During the Cold War, literature was both sword and noose. Novels, essays and poems could win the hearts and minds of those caught between the competing creeds of capitalism and communism. They could also lead to exile, imprisonment or execution if they offended those in power. The book has at its heart five major writers—George Orwell, Stephen Spender, Mary McCarthy, Graham Greene and Andrei Sinyavsky—but the full cast includes many more.
White illuminates the precarious place of literature in a world swarming with spies eager to manipulate—even to enlist—authors to advance their shadowy agendas. Readers witness the ruthless brutality of Soviet authorities imprisoning and executing dissident writers, but they also penetrate the deceptions of American and British intelligence agencies playing authors as pawns. A compelling reminder of literature’s influence—and vulnerability—in a world of power politics.
... [White] captures something essential about McCarthy ... Mr. White unfolds the sordid tale of Soviet literary history through all its later decades of crackdowns, thaws and renewed panics ... Tonally judicious, Mr. White remains alert to democratic excess in combatting horrors on the totalitarian side. But touches of what Jeane Kirkpatrick used to call 'moral equivalence' inevitably result. Having done such a good job showing the sufferings of writers under Nikolai Yezhov ’s NKVD, the author might reconsider writing, 500 pages later, that 'the paranoia of the Cold War was bipolar' ... With so much background to be filled in, the book sometimes strays from its specific, subtitular mission and turns into a history of the Cold War itself. One wishes Mr. White hadn’t bothered to deal with Kim Philby at such length ... consistently absorbing, its prose clear and its syntax sure-footed. But a certain entropy threatens the book. As it flies in different directions, chronology hits some air pockets ... Here and there an error catches the eye ... One of the virtues of his book is the way it makes a reader acknowledge how close the weary West came to losing its nerve.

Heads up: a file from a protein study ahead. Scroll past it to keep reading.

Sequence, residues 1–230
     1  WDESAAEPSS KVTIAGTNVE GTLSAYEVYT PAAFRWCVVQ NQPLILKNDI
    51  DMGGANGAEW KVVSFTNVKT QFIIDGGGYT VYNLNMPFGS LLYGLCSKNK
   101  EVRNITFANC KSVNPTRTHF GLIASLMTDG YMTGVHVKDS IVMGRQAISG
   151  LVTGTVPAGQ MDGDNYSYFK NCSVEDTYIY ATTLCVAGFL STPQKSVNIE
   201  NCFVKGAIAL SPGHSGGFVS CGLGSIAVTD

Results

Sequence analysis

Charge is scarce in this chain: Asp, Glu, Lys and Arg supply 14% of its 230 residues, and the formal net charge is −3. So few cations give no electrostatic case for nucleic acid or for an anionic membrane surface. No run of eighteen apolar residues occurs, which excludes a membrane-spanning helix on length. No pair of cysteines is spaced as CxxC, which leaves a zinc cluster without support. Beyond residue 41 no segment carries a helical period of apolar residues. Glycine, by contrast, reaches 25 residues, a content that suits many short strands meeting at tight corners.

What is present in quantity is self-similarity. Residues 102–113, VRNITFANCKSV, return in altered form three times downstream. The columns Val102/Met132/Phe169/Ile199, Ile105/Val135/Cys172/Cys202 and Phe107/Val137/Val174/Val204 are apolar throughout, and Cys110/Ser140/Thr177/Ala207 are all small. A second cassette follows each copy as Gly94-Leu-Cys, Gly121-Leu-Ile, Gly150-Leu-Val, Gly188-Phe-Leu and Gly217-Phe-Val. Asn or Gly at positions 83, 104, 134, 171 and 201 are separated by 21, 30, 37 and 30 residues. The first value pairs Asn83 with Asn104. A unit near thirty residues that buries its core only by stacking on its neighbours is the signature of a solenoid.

... absorbing ... This is a long book, but it was a long war ... reads like a thriller ... this is also a book about personal and political liberty; about the freedom to write, mock and dissent; about truth, lies and wilful ignorance ... If some of the stories are familiar, the scale of White’s book means there is always an author and an anecdote you haven’t heard ... [an] ambitious, intelligent, searching history.